Dan Bensonhoff is an organic farmer and educator. After graduating from school, he lived on an eco-village in Israel where he did an apprenticeship in permaculture design. Since living in Boston he has worked at several vegetable production farms and taught English at the high school level. His mission is to synthesize his passions for education and agriculture in order to revitalize our communities and simplify our demands on the natural world. He was instrumental in growing the Egleston Community Orchard and recently became Assistant Manager at the Newton Community Farm.
Othneil “Utah” Uter grew up in the tropics on a 1-acre food forest that he helped create and maintain. His current forest garden in Grove Hall, which he frequently gives tours of, boasts over 50 different species of fruit and nut trees, including staples like grapes and apples, and exotics like figs and Arctic kiwi. Utah works currently works for a non-profit organization in Roxbury. He is the co-organizer for the Greater Boston Permaculture Guild. He is also a member and avid contributor to Permies.com, the largest and most viewed permaculture website on the Internet. Utah brings his valuable vendor resources, cultivar selection knowledge, and permaculture design expertise to the BFFC.
Valerie Oorthuys is a community food systems planner, originally from Seattle. She holds a Masters in Urban and Environmental Policy and Planning from Tufts University. Her past research and projects have focused on vacant land use in Boston, opportunities for entrepreneurship, and storytelling as a method of planning. Through the Jamaica Plain New Economy Transition’s Community Leaders Fellowship, Valerie is coordinating the Boston Food Forest Coalition’s Forest Garden Raising program. A resident of Jamaica Plain, Valerie is often found tending her community garden plot.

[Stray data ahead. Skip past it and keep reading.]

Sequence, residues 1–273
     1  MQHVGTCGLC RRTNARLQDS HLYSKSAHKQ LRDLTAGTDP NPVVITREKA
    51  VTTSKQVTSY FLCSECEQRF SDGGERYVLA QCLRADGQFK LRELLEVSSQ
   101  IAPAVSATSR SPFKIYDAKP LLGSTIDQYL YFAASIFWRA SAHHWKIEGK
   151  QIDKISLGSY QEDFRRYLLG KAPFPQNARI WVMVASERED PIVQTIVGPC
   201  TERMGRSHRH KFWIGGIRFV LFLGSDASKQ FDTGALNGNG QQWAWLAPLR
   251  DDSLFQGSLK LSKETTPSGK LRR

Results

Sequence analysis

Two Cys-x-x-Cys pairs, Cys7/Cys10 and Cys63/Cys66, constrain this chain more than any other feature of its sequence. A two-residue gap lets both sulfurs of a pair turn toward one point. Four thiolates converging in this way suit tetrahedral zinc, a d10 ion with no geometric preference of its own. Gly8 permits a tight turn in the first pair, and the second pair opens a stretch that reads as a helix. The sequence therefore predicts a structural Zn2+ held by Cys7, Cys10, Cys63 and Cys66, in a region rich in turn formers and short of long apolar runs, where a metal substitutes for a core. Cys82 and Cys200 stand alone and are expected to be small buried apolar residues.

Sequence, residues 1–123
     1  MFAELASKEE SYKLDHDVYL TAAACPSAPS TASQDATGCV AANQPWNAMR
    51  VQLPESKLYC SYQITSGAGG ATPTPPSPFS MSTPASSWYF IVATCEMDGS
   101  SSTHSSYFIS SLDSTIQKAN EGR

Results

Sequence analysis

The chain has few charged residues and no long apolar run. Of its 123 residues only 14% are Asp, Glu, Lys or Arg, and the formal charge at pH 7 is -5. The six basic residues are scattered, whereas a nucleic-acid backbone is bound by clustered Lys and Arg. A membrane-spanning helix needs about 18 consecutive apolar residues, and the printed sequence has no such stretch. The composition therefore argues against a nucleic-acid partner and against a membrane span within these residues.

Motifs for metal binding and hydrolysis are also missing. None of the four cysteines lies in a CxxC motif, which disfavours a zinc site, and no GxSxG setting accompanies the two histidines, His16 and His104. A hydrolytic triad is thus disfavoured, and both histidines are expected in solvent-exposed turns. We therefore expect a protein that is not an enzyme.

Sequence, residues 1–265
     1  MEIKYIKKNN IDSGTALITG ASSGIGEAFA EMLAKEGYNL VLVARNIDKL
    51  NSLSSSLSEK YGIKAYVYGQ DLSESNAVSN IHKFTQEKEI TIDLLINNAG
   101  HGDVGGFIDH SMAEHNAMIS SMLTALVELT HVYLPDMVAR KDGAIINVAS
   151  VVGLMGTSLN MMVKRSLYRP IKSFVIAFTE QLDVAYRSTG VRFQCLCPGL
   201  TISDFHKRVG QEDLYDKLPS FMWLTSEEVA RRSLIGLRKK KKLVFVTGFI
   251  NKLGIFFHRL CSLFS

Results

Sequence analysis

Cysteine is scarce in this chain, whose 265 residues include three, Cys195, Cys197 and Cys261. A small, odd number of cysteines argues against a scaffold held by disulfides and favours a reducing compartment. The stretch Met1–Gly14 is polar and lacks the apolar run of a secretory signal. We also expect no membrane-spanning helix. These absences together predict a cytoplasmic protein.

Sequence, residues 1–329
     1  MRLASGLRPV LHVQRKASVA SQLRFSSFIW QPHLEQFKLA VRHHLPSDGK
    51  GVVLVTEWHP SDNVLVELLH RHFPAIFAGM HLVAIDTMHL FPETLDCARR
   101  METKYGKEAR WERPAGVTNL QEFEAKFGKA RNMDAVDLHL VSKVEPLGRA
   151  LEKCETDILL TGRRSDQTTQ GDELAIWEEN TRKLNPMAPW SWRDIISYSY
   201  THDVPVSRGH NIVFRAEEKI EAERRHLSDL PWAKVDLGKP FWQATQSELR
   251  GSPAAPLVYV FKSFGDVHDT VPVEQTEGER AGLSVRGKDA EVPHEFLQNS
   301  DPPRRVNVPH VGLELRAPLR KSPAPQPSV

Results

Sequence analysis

Rashid Ashraf, NCARB, LEED AP, is a Boston based architect and urban designer. His interests lie in transforming cities into environments that embrace ecology while providing a sustainable and equitable future for its residents. Rashid has worked with numerous community groups on various sized projects from planning large scale urban areas in St. Paul, MN to individual community centers including the North American Indian Center of Boston. He currently specializes in healthcare design with a focus on creating healing environments. Rashid holds a bachelor degree in Environmental Design and a professional degree in Architecture from the University of Minnesota and a Masters in Architectural Studies from Massachusetts Institute of Technology. He is a registered architect in Massachusetts and is accredited professional in Leadership in Energy and Environmental Design (LEED) through the U.S. Green Building Council. Rashid holds a Permaculture Design Certificate from The Resiliency Hub, Portland ME through the Boston Nature Center.
Carlos Espinoza-Toro is the Community Organizer of the Jamaica Plain New Economy Transition. He provides critical support to the implementation of transition initiatives through engaging with diverse groups, building trust, and addressing the tensions between systemic thinking and on-the-ground development. Before joining the Institute for Policy Studies, Carlos worked as a Program Manager at the MIT Community Innovators Lab bringing together volunteers, community members, government officials, nonprofit directors, and academics to develop and implement neighborhood development programs to improve the lives of disadvantaged communities.
Carlos holds a Masters in City Planning from the Department of Urban Studies and Planning at the Massachusetts Institute of Technology.